Yesterday the US Food and Drug Administration (FDA) Arthritis Advisory Committee voted 21-3 in favour of recommending the biosimilar CT-P13 for approval across all the same indications as Janssen’s reference biologic, Remicade (infliximab).
“Our CT-P13 application in the US is the first in an age where biosimilar mAbs are globally recognised as innovative, high quality biologics that are highly similar in both efficacy and safety to their originator products, but are more affordable for patients,” Celltrion’s CEO HyoungKi Kim said, following the vote.
If approved, the biosimilar will be marketed in the US by Pfizer (which acquired Celltrion’s commercialisation partner Hospira last year), which commended the FDA panel’s recommendation in a statement yesterday.
“We look forward to the FDA’s continued review and, while awaiting its decision and certain other factors, we are moving ahead with the preparation of our launch plans for 2016,” said Jenny Alltoft, global biosimilars lead at Pfizer.
A pre-release document had revealed the biosimilar – marketed as Remsima/Inflectra in Europe – to be “highly similar” but had left questions open to which of Remicade’s seven indications, on top of rheumatoid arthritis (RA), Celltrion’s product would be recommended for.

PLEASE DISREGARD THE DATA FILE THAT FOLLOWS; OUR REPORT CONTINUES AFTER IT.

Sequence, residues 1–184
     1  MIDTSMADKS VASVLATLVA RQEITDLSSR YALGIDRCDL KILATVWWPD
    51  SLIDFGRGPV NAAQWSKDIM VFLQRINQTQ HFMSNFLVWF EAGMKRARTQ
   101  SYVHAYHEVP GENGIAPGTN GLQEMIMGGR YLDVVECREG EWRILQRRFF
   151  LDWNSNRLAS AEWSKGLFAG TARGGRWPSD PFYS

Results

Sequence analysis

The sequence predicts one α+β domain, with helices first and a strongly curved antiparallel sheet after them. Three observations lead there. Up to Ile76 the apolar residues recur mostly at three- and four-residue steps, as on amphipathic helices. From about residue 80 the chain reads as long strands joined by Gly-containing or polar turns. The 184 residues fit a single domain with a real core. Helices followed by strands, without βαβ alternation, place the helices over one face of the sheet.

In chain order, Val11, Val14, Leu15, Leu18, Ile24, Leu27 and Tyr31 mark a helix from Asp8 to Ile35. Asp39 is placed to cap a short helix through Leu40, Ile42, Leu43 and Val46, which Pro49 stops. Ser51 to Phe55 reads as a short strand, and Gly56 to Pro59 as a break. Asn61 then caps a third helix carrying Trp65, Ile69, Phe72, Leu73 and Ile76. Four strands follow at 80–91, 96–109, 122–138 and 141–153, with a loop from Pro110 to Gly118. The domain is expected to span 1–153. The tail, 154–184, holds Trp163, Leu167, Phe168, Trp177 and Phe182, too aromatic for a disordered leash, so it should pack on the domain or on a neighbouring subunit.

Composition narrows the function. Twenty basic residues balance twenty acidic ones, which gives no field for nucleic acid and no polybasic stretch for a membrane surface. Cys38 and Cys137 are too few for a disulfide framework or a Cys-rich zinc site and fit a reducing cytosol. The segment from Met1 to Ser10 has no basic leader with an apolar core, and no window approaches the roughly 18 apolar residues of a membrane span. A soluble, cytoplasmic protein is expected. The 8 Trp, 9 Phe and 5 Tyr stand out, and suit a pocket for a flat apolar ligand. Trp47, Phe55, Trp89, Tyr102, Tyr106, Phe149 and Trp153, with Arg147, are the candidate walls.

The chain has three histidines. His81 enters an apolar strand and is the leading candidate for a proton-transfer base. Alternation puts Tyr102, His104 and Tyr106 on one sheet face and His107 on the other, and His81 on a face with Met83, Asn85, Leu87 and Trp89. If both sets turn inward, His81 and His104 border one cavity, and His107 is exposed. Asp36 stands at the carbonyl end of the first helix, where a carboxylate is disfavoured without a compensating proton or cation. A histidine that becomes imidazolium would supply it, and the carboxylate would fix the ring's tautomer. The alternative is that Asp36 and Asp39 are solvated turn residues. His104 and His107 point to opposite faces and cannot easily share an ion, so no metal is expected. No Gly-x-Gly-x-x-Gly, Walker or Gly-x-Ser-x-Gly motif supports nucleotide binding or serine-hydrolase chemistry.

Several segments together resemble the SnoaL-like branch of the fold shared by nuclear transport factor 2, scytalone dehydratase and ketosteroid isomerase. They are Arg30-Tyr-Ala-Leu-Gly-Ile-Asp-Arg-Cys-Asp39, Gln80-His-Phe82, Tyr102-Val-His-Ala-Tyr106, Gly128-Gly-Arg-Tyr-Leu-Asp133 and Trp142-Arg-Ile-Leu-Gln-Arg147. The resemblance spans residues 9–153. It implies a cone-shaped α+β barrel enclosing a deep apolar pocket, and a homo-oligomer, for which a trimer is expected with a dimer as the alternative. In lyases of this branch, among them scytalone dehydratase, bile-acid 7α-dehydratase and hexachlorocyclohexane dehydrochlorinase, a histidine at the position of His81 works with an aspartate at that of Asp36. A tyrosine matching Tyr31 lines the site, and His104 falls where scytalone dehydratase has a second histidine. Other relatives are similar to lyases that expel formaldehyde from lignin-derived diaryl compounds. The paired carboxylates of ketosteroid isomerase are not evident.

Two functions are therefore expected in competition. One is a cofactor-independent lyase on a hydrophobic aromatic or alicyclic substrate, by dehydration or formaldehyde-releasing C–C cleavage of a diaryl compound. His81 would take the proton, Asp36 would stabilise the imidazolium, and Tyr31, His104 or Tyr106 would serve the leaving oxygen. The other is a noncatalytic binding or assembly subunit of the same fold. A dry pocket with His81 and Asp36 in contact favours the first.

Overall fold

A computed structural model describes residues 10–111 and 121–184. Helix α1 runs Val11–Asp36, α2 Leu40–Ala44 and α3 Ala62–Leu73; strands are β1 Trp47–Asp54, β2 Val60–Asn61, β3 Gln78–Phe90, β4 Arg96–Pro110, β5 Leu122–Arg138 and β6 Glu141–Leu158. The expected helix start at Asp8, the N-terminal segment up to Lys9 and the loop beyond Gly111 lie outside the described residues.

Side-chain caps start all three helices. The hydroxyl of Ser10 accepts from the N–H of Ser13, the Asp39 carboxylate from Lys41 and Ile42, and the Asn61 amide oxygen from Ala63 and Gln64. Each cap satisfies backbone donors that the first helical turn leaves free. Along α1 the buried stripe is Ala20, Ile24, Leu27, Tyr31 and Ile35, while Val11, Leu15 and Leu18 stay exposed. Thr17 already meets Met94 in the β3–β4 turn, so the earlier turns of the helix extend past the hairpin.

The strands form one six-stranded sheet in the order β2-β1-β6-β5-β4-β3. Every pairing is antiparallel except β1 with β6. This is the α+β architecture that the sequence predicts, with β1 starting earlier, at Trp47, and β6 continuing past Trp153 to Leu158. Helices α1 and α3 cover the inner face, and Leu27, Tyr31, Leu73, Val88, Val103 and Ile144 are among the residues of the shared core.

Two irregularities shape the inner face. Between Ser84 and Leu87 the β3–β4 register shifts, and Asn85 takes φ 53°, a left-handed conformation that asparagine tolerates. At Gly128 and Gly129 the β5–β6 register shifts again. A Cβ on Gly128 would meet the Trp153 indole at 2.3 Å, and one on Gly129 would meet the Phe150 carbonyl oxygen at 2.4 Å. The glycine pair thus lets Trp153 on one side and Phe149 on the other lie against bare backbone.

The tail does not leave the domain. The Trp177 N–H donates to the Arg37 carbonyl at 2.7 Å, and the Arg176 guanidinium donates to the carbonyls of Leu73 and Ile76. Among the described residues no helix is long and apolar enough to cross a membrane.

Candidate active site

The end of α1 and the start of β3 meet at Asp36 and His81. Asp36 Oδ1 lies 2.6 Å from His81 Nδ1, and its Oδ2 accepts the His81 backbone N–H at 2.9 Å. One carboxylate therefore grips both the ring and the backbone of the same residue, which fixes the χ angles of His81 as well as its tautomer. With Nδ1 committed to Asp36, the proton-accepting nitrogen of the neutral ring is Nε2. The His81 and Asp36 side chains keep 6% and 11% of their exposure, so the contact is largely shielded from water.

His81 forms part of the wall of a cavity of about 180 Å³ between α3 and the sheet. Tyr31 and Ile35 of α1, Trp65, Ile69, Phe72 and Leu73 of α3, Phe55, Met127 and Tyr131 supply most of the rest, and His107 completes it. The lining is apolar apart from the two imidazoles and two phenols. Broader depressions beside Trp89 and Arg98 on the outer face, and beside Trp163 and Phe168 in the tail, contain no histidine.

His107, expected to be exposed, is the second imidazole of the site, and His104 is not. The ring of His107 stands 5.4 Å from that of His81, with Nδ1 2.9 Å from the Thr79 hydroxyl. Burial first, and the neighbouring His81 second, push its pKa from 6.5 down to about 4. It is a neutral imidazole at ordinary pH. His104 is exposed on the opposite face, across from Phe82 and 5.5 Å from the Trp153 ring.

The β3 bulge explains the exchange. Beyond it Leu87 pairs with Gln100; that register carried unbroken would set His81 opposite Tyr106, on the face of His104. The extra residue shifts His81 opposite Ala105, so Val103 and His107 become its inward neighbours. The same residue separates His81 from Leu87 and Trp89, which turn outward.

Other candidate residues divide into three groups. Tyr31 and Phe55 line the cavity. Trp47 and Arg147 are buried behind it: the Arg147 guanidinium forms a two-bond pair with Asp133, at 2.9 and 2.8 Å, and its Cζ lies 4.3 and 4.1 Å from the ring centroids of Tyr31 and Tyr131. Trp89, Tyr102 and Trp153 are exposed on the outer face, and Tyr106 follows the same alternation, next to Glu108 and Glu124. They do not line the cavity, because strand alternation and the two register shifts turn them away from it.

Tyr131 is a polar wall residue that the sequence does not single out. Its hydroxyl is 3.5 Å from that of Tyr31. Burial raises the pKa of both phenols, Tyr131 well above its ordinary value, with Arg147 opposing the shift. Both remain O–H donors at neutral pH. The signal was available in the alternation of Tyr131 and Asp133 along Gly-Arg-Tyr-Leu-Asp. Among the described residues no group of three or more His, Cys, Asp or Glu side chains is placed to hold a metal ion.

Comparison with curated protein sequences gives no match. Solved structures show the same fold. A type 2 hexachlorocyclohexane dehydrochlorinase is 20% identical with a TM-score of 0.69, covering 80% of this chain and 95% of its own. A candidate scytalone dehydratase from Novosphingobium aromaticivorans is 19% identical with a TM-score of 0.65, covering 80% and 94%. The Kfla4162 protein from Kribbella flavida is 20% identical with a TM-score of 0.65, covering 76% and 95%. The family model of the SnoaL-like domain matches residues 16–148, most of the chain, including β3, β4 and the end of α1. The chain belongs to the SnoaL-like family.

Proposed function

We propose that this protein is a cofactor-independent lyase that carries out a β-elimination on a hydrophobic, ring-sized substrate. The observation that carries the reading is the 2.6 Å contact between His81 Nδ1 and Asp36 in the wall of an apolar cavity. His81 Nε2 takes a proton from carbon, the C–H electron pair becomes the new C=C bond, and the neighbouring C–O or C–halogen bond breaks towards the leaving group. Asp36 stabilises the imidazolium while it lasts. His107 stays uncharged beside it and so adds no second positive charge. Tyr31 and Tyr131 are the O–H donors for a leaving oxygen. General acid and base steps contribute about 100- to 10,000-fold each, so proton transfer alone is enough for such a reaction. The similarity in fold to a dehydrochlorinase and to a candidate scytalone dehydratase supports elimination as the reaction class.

In Europe extrapolation to all indications has been approved, while in Canada and Israel extrapolation to the inflammatory bowel disease (IBD) indications - Crohn’s disease and ulcerative colitis - has not been granted.
Jay Siegel, Chief Biotechnology Officer at Johnson & Johnson, was disappointed with the FDA panel’s decision.
“We believe that the data to date, absent of direct comparisons of CT-P13 and REMICADE in patients with inflammatory bowel disease, leave uncertainty about whether differences in safety or efficacy may emerge for patients,” he said.
“We appreciate the discussions at today’s hearing, and note that some of the advisors—who voted on either side of the question—share our concerns regarding residual uncertainty about the use of CT-P13 in IBD.”